Day 2 - Three Classic Games, Three Fuzzy Memories
17.2.03 by The Angry Drunk

The architects of this wickedness will find no safe harbor in this world. We will chase our enemies to the furthest corners of this Earth. It must be war without quarter, pursuit without rest, victory without qualification.
--Rep. Tom Delay majority whip, US House of Representatives

I was really in a quandary as to what examples I might bring up as classic examples of the SHMUP. I had considered discussing the Gradius series, but there's precious little anyone can add to that conversation. Do I talk about Contra and the sometimes controversial stance its genre-straddling gameplay provides? No - Big D has been given that task.

For this second installment, I decided to delve into the gaming vaults (ok, my MAME directory) and pull two titles that both demonstrate some of the history and linage of more modern shooters as well as offering a SHMUP that may have been lost in the great shuffle of the early 90's.


The Overhead Assault Revisited...
Terra Cresta - 1985

A few years before Terra Cresta appeared in the arcades, its prequel Moon Cresta added innovate touches to the Invaders theme, with varied enemies and attacks, and a docking sequence, which expanded your ship. Moon Cresta proved a massive hit, (and is still remembered fondly today) - signifying that variety and more complex powerups and controls were required to make the next step up from Galaxians.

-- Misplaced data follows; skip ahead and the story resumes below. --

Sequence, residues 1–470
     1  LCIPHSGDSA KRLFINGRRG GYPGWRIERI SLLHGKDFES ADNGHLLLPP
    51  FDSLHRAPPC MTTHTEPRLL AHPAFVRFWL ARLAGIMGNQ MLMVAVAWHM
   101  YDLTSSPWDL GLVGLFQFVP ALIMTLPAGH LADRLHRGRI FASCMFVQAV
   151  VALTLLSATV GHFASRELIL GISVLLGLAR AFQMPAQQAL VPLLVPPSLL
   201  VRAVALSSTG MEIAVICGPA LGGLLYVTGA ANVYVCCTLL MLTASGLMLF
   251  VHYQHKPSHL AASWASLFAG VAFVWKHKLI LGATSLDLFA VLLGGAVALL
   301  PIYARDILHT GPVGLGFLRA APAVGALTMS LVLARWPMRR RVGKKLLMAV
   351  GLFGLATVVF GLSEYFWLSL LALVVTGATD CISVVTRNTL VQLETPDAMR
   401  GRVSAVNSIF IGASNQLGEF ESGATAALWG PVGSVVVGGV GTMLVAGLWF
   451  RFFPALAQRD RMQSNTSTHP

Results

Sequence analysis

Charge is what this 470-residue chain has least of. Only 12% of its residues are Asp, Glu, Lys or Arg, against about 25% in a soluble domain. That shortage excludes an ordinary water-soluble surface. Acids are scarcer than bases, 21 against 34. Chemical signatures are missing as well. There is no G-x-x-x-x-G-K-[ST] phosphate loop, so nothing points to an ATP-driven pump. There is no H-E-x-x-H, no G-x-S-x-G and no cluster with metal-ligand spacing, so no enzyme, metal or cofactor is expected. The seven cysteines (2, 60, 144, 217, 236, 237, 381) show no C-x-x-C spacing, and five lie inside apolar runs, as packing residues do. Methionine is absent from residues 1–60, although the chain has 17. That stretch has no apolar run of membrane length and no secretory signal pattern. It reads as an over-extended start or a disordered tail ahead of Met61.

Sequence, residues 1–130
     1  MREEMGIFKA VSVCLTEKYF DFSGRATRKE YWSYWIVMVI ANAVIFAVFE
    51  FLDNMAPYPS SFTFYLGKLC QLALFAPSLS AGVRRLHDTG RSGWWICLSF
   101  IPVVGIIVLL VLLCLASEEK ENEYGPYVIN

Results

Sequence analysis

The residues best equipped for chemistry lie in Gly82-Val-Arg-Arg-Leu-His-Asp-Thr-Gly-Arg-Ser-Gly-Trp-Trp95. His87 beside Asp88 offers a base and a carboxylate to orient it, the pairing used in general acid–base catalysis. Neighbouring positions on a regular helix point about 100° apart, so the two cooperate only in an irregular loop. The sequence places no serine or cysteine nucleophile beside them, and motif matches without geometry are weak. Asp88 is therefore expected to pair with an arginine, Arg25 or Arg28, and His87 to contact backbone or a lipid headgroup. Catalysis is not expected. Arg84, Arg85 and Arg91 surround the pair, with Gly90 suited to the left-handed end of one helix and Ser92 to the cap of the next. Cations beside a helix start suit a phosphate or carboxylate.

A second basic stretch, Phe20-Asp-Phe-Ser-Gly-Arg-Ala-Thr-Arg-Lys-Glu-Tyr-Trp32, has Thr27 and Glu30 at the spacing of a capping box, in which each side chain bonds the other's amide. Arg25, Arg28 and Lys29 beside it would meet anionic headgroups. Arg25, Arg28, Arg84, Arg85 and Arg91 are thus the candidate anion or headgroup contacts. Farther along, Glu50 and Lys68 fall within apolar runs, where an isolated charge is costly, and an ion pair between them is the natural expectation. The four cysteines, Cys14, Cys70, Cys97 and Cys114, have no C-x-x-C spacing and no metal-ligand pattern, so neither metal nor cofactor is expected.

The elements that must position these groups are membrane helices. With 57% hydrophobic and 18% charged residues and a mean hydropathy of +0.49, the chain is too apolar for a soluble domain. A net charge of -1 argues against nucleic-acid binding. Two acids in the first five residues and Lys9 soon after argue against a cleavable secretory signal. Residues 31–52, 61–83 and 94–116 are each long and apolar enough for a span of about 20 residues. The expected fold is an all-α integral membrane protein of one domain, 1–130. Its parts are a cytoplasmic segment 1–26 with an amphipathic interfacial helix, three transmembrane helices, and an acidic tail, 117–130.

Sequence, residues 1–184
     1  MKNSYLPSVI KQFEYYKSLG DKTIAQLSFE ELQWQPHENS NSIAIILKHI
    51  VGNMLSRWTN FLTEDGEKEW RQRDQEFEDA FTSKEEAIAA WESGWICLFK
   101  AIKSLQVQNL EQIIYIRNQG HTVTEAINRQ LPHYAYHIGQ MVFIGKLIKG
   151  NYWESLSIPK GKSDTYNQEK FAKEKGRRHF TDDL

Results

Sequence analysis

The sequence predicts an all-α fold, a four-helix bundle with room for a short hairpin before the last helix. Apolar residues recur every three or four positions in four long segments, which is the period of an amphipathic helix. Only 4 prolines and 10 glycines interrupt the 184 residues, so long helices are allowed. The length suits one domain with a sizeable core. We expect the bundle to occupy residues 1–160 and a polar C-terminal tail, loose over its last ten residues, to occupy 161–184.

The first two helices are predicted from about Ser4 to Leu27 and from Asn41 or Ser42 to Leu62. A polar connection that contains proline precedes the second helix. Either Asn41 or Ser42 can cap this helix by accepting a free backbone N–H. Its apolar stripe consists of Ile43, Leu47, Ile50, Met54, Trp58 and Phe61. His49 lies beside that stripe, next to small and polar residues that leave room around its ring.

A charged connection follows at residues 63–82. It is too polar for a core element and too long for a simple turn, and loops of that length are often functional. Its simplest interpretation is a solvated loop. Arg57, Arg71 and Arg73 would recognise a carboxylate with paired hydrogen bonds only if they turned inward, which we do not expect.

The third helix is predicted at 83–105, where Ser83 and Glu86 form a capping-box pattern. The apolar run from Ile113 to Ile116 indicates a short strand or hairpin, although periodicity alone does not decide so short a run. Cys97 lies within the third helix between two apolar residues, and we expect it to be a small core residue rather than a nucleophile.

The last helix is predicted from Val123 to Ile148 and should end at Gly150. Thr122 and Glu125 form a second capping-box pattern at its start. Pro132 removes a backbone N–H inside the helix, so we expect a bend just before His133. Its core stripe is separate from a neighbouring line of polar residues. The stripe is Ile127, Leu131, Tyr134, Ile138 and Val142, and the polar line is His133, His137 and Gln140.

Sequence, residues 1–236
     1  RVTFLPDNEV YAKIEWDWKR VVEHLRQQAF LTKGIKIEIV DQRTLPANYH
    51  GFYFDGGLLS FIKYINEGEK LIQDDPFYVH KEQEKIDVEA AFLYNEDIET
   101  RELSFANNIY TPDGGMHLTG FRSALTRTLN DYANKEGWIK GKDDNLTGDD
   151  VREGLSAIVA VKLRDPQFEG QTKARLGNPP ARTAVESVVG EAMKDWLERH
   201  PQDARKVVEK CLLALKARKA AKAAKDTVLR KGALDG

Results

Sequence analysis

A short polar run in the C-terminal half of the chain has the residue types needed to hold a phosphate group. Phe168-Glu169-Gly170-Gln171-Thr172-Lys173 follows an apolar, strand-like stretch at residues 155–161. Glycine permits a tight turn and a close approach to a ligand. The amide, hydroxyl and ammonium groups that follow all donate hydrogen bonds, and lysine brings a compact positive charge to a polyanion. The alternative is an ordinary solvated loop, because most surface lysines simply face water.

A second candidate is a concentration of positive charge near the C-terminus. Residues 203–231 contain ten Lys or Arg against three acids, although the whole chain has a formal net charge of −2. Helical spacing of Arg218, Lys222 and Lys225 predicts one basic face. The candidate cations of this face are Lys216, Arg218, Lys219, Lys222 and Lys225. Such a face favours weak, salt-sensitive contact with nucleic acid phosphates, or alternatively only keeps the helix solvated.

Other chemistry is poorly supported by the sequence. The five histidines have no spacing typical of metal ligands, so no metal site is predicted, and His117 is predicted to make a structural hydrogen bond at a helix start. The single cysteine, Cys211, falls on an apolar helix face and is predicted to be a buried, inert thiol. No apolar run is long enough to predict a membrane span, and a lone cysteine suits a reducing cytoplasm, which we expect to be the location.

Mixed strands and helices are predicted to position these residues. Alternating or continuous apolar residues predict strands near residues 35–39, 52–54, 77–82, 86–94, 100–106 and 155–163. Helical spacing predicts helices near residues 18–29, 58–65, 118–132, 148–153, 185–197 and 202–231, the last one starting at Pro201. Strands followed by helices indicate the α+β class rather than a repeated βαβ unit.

The same philosophy was applied to Terra Cresta. Taking its cue from countless Xevious clones (such as Espial, Exed Exes, and Vulgus - which added nothing new to the genre) it expanded on the whole concept of the vertically scrolling SHMUP. At first sight it seems yet another clone in gameplay and looks. Dig deeper and you'll discover a powerup system ingenious in its simplicity, bolted on to an addictively difficult and furiously frustrating game.

The weapon system is in many ways unique, and hasn't been copied an awful lot since. Your ship starts as a naked lonely soul. Ground bases (numbered from 1 to 5) appear every so often, and shooting these will release a bolt-on-able section of ship. Collecting these will boost the firepower, adding backshots and a wider spread. A quick bash of the second fire button will expand the ship temporarily into formation mode; dependent on the amount of extras you've collected.